Fish and Wildlife Service, Interior.
Proposed rule; reopening of public comment period and notice of availability of draft economic analysis.
We, the U.S. Fish and Wildlife Service (Service) announce the availability of a draft economic analysis for the proposed designation of critical habitat for the robust spineflower (Chorizanthe robusta var. robusta). We are also providing notice of the reopening of the public comment period for the proposal to designate critical Start Printed Page 48226habitat for this plant to allow all interested parties to comment simultaneously on the proposed rule and the associated draft economic analysis. Comments previously submitted need not be resubmitted as they already have been incorporated into the public record and will be fully considered in the final rule. Comments submitted during this comment period will also be incorporated into the public record and will be fully considered in the final rule.
The comment period is opened and we will accept comments until October 19, 2001. Comments must be received by 5:00 p.m. on the closing date. Any comments that are received after the closing date may not be considered in the final decision on this proposal.
Copies of the draft economic analysis are available on the Internet at “www.r1.fws.gov or by writing to the Field Supervisor, U.S. Fish and Wildlife Service, Ventura Fish and Wildlife Office, 2493 Portola Road, Suite B, Ventura, California 93003.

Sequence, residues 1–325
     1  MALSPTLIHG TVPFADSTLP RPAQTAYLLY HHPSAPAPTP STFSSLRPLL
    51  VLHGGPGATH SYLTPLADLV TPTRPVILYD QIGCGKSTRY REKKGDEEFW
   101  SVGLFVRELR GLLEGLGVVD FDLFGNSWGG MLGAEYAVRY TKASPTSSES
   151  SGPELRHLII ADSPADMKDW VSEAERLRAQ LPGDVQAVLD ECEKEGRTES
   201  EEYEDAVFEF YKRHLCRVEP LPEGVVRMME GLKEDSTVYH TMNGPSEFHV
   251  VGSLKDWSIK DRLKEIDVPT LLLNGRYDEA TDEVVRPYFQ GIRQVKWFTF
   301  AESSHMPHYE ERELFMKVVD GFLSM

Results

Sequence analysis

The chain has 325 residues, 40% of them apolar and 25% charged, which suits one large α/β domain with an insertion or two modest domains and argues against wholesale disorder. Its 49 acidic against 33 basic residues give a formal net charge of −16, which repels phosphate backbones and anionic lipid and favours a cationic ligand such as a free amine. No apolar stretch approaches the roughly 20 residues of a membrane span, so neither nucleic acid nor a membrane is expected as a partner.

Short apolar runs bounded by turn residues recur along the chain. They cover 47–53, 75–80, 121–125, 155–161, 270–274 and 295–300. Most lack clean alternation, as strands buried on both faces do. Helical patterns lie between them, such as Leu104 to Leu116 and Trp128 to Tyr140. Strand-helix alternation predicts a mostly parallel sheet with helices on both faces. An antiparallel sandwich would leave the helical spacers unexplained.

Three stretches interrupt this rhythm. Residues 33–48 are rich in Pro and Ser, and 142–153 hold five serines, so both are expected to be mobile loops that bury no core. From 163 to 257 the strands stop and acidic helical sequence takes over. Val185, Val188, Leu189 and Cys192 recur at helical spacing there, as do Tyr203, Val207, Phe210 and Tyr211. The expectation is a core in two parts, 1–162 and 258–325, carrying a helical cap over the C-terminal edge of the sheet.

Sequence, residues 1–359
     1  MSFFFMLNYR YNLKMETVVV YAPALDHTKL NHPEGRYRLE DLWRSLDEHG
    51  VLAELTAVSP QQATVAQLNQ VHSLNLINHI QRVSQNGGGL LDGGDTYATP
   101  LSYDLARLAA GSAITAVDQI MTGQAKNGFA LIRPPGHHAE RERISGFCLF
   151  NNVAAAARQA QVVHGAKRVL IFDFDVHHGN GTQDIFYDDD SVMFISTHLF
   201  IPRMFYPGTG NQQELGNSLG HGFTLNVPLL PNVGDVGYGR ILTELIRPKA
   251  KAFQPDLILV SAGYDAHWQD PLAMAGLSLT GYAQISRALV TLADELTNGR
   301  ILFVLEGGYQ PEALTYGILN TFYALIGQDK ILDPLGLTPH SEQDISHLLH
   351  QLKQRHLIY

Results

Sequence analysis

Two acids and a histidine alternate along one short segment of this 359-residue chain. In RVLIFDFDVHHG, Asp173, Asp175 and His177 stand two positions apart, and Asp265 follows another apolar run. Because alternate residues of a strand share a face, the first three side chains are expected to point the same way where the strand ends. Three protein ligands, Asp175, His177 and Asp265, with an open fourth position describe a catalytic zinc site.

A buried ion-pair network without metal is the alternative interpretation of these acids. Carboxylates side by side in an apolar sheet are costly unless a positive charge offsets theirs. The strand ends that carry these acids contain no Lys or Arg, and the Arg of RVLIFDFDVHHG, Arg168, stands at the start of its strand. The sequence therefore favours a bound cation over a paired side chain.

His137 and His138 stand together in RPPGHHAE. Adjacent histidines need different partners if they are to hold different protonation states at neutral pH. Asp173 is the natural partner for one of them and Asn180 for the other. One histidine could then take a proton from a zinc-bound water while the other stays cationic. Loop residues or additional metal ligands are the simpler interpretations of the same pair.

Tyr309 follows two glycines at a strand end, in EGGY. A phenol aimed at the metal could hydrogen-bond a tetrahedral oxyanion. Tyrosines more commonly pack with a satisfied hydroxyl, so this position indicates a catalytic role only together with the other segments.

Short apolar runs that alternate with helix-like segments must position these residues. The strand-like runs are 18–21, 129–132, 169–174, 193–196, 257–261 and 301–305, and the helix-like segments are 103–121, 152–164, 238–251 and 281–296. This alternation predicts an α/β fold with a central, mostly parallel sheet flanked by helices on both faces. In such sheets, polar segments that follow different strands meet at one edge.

All written comments should be sent to the Field Supervisor at the above address. You may also send comments by electronic mail (e-mail) to “firstname.lastname@example.org”. Please submit electronic comments in ASCII file format and avoid the use of special characters and encryption. Please include “Attn: RIN 1018-AH83” and your name and return address in your e-mail message. If you do not receive a confirmation from the system that we have received your e-mail message, contact us directly by calling our Ventura Fish and Wildlife Office at phone number 805-644-1766. Comments and materials received will be available for public inspection, by appointment, during normal business hours at the above Service address.Start Further Info
FOR FURTHER INFORMATION CONTACT:
Catrina Martin, Assistant Field Supervisor, Ventura Fish and Wildlife Office, at the above address (telephone 805-644-1766; facsimile 805-644-3958).End Further Info End Preamble Start Supplemental Information
Chorizanthe robusta var. robusta, also known as robust spineflower and Aptos spineflower, is endemic to sandy soils in coastal areas in southern Santa Cruz and northern Monterey counties. In California, the spineflower genus (Chorizanthe) in the buckwheat family (Polygonaceae) comprises species of wiry annual herbs that inhabit dry sandy soils, both along the coast and inland. Because of the patchy and limited distribution of such soils, many species of Chorizanthe tend to be highly localized in their distributions.